China: After The Credit Crisis Comes The Economic Crisis

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China is now experiencing a monumental credit crisis. Loans are basically not available because confidence in repayment has vanished.

This is how the last global crisis started in 2007. I warned about it in my 2007 book, Prelude to Meltdown. The warnings were ignored in 2007, and my observations in this article will probably also be ignored by most people. “Denial” is always a defense mechanism, but not very useful.

China has already seen a significant decline in export growth these past two years because of the deepening European recession. Now the country is also being confronted with the effects of Japan’s massive stimulus programs. Japan has orchestrated a record decline in the value of the yen, with the purpose of making its goods relatively cheaper in the global market. In addition to being of better quality, Japanese goods are now getting price competitive with Chinese goods.

The negative repercussions are already being felt. In June, China reported that both its exports and imports had fallen, a phenomenon that hasn’t happened since October 2009, in the midst of the global recession.

The decline of 3.1% in exports shocked analysts, as they had been expecting a 3.7% gain. Amazingly, they still reported a GDP growth of 7.5%. Anyone who believes that number is likely to also believe in the Easter bunny. I predict that the decline in export growth will now accelerate downward. Only a sharp economic recovery in Europe and the U.S. could stop that.

Normally, in order to compete with Japanese goods, China would likely follow Japan’s lead and devalue its currency. In the 1990s it did just this, with a one-time, 50% devaluation. However, such action is not possible under current circumstances. Now, just the hint that a devaluation was being planned would cause a massive outflow of foreign capital from China and deepen the credit crisis.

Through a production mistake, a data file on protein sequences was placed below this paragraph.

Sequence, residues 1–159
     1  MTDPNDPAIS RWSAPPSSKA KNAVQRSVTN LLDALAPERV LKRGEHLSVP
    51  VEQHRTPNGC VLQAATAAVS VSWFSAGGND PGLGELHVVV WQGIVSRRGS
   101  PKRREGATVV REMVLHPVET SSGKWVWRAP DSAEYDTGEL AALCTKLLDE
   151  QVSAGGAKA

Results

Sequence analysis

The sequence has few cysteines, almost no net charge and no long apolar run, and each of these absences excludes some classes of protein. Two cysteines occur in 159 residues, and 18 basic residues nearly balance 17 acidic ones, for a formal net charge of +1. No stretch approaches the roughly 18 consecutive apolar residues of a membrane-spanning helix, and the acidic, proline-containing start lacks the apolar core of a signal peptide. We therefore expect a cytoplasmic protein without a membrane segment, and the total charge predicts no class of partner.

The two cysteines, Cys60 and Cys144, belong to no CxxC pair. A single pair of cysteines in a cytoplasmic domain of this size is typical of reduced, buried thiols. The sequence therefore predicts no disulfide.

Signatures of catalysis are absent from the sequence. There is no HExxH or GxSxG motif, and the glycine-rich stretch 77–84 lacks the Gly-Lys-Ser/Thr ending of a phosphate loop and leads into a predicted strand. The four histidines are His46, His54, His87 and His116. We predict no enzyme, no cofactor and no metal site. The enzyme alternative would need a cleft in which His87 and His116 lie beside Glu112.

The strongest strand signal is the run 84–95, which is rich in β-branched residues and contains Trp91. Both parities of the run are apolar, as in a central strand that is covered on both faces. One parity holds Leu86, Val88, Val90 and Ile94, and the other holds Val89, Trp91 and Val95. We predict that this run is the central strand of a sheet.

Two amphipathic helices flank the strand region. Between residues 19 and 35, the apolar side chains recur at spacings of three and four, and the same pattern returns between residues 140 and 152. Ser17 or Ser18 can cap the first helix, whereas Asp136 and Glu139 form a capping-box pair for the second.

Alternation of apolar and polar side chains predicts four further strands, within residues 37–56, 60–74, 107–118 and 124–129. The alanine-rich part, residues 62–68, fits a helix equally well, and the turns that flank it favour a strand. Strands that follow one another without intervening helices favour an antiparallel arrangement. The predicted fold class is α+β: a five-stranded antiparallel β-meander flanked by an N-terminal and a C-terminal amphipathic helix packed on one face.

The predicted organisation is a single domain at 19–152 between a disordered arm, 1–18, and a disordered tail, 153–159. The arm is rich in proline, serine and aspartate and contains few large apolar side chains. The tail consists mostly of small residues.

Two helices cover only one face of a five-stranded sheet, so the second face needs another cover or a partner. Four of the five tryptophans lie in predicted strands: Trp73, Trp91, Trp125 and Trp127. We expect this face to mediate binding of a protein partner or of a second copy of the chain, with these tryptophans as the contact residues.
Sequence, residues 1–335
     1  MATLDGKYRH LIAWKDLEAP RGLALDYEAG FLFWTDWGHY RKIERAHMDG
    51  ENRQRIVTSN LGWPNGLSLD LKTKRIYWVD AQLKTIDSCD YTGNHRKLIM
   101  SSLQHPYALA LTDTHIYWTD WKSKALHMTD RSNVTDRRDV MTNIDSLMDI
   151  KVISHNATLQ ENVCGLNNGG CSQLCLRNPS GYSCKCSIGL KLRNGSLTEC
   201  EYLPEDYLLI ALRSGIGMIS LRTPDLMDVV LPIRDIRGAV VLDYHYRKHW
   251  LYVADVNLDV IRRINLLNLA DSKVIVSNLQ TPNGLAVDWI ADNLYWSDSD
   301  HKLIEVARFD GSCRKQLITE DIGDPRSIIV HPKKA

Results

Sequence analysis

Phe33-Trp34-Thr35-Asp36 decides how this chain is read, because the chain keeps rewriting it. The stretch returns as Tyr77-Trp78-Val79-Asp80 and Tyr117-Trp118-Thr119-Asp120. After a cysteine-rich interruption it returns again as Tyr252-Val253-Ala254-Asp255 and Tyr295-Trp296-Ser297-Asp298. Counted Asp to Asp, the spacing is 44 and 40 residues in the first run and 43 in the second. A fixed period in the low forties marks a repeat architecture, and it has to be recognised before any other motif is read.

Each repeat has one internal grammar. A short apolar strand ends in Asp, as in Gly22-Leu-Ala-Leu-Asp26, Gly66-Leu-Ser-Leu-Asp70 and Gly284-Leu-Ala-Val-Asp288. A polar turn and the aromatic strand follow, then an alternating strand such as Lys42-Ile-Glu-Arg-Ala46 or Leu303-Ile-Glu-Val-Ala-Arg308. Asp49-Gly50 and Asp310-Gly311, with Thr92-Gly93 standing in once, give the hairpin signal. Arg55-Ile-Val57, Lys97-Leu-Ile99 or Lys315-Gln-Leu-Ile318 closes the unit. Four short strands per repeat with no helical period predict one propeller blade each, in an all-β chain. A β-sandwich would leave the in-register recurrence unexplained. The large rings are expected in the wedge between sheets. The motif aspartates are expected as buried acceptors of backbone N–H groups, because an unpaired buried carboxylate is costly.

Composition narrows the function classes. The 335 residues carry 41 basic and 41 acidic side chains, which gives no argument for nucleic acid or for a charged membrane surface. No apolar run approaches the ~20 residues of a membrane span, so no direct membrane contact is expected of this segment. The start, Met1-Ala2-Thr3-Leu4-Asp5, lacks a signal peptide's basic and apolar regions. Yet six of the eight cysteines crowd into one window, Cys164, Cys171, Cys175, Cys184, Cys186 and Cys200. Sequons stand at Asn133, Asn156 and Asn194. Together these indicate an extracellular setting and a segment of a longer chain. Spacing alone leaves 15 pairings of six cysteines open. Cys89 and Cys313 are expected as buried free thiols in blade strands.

Thus China is now between a rock and a hard place, as they say. On the one hand, not devaluing will cause a deeper decline in exports, worsening the current private sector recession. On the other, devaluing will cause a greater outflow of capital than the People’s Bank of China might be able to handle.

The worst is still ahead. As economic opportunities turn to high risk, foreign capital no longer flows in, and in fact flows out. The China Securities Journal, which is published by the governmental securities regulator, had a front page article that warned of a reversal of foreign capital inflows. (By the way, that’s exactly what I predicted one year ago in my e-book, The Coming China Crisis.) When foreign capital flows out, it has many repercussions.

The China regulator warned: “China will face large-scale capital outflows if there is an exit from quantitative easing and the dollar strengthens.”  The Journal referred to the U.S. Federal Reserve’s quantitative easing. Here we can see that Federal Reserve policy has important international repercussions.

Outflows from Chinese equity funds in early June were the highest since early 2008.  Total credit in China’s financial system has reached epic proportions. The world has never seen such debt acceleration. It has increased eight-fold the past 10 years and is now 220% of GDP.

According to the government, Chinese firms will have to pay $1 trillion in interest this year. Therefore, corporate cash flow is primarily used for debt service, not for growth. When economic growth turns to contraction, the bankruptcy avalanche starts. And that is happening now. The largest China shipyard is already in severe financial trouble. It can’t borrow money, so the latest word is that it will sell bonds. Who will buy them?

Some large shipyards and other large firms lend their excess operating cash out in the “shadow banking system” in order to get a higher return. Now those loans are defaulting. So, the operating cash goes up in smoke.

Western economists are sure that the communist dictatorship can resolve all these problems, including the estimated $10 trillion of shaky loans in the ‘shadow banking’ system. How naïve! Is there any example in history where a command economy can stop the collapse of a debt pyramid? Ignoring reality cannot make it vanish.

Bert Dohmen, Founder
Dohmen Capital Research, Inc.

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